Letters for Monday, March 22, 2010

• Common sense persuasiveness • A soft under belly

Common sense persuasiveness

Mr. Glenn Mickens’ letter of Feb. 26 (Experience vs. popularity) says that I asked “rhetorically if Kaua‘i is lacking in competent, well-trained chief executives for our government,” which is an erroneous quote from my carefully worded statement which said: “Is Kaua‘i lacking in competent chief executives even without ICMA training? I say no. By education and experience, Kaua‘i is blessed with many willing to serve as mayor.”

There is a big difference between a “competent, ‘well-trained’ chief executive” and a competent chief executive qualified by education and experience, especially when, according to Mr. Mickens, “A qualified manager (chief executive) will have a collegiate education in municipal government affairs and several years of experience in that field. And a mayor?”

In all the many years that we have been a county (and a state and a nation) with chief executives in the guise of mayor, governor, and president, when has our government ever required, preliminarily, a chief executive to possess the type of collegiate education and experience Mr. Mickens says they “will have?”

The fact is that a mayor, a governor, a president, immediately upon election assembles a team by appointment of people possessing the necessary qualifications to advise, assist and perform the functions of government. If a specific collegiate education or equivalent experience is needed to carry out a specific function, create the position within the structure and framework of the existing system of government.

The overall competency of the chief executive is measured, to a large extent, by the competency of the team he selects to assist in his term of governance.

Mr. Mickens next questions my criticism of Ms. Bain and Mr. Lewis for their rhetorical (exaggerated) use of the phrases “the will of the people” and “broad citizen support” to augment their views. He implies that they were entitled to use those phrases because “they were at the many prior Charter Review Commission meetings — all televised, where the public almost unanimously testified in support of the council-manager system and where you were never involved.”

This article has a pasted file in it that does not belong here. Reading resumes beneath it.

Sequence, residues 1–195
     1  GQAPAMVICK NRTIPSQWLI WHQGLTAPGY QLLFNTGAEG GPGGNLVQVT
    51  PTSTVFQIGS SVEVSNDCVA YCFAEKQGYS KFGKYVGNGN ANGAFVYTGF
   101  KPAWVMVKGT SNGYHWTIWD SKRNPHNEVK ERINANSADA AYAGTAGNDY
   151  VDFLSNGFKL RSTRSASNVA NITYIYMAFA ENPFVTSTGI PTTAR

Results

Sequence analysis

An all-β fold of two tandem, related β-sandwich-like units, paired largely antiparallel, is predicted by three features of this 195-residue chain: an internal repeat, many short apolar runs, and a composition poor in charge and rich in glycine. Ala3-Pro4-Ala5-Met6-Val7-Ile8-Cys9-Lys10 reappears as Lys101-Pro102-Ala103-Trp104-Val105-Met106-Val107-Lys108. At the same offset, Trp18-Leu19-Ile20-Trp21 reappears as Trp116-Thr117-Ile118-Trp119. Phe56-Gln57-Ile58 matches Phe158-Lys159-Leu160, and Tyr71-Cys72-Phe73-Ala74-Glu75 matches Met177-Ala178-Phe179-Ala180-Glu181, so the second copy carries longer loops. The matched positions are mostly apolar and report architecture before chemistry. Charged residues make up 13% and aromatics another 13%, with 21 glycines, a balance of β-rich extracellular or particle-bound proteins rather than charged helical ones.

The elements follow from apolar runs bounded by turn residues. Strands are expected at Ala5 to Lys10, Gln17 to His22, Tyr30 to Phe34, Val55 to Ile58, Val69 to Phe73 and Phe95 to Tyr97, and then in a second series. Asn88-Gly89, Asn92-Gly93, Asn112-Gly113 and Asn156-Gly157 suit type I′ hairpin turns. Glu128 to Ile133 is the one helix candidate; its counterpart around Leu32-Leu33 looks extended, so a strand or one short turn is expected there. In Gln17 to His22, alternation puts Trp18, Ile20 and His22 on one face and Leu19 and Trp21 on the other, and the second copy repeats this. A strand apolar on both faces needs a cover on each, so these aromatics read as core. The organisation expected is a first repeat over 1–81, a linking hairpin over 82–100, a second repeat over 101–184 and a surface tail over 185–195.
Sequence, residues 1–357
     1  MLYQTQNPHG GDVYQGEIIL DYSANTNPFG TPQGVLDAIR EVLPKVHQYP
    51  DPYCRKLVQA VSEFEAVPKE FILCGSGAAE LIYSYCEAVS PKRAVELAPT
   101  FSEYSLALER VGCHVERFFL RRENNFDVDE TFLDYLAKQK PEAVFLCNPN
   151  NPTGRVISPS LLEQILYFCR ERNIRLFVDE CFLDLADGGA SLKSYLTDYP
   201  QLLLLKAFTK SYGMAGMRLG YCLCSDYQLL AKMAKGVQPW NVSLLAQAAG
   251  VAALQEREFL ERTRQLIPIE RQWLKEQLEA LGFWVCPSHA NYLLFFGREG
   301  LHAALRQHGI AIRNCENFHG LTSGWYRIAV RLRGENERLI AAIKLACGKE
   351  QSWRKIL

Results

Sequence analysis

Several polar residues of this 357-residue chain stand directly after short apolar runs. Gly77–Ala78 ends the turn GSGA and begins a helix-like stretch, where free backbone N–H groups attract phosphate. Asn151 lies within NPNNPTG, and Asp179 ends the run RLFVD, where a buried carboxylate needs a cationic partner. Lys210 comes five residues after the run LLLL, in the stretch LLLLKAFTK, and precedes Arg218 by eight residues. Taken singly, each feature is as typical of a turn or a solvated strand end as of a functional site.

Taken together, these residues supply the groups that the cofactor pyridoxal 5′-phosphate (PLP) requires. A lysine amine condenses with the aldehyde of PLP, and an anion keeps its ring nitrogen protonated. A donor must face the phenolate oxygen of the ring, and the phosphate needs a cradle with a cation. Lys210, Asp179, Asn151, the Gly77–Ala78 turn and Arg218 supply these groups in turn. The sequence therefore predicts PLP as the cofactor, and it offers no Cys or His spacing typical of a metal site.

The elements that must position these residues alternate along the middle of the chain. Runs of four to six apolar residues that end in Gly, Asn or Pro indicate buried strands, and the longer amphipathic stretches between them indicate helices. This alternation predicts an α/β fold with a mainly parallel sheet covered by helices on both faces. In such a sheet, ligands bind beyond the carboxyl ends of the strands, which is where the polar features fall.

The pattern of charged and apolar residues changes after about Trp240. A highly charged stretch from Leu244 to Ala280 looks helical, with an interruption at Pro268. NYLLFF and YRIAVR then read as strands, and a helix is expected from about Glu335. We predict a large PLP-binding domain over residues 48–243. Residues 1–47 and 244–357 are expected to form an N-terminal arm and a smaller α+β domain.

True. I was not there. (He says “almost unanimously,” which indicates that there were some who were not in agreement … how many?) But … I was at the public meeting held at the convention hall sponsored by the CRM where a trio of experts spoke on the subject of local governments and which The Garden Island  (Nov. 23) headlined in its news report as “Expert panel downplays need for county manager.”  The headline more than adequately describes the tenor of the panel discussion.

I, modestly, will take credit for submitting a question to the panel of experts as to whether “the county’s problems can be solved through elections rather than changes to the Charter”… (to which) …“the three panelists all answered in the affirmative.”… as I have been contending throughout our dialogue.

I suppose I could have used the phrase “according to a trio of experts” as support for my views because it is factual unlike the use of “the will of the people” and “broad citizen support” which are imagined, exaggerated and unsupported by factual evidence. I have chosen not to do so because logic and good common sense are more persuasive in any pro and con discussion.

 

Alfred Laureta, Lihu‘e

A soft under belly

In 2005, my daughter and I made a decision to make part of our family two elderly horses. It was understood that, because of the horses age and health, we would be seeing the two horses — Makani and Lulu — to the end of their days.

One person who became a welcomed familiar face, in the life of these two delicate horses, would be Kimo Rosen; Kimo lived on the property where our new family horses were pastured. Kimo would always have a kind word for my daughter and me, often offered fruit, and a helping hand.

More than once, Kimo went out of his way to thank us for caring for Makani and Lulu. The relief was apparent in Kimo’s words and on his face; he had been worried about the welfare of Makani and Lulu. In less than one year’s time, we would lose Lulu.

Makani and Lulu had been paddock pals for over ten years. Makani was having great difficulty in his loss of Lulu. However, Makani would find comfort in the company of Kimo.

Each early morning, in my arriving to the pasture to feed Makani, I knew where to find this old soul. Makani would be reliably found visiting his friend, Kimo, whose company clearly consoled Makani. As I would come over the hill, the “bella vista” for me was that of Kimo and Makani quietly situated by the moving creek, side by side, like two old friends of many decades.

Kimo was always kind to Makani, showed attention to Makani’s frame of mind, and each morning shared fruit with our horse, while Kimo had his own breakfast. I found comfort in knowing that Kimo was near to Makani, and keeping a concerned eye Makani’s way.

I know this person’s soft under belly, and feel blessed for it. Thank you, Kimo, for your many kind words, and helping to look after our Makani, and in his own last days.

Deborah Morel, Kapa‘a

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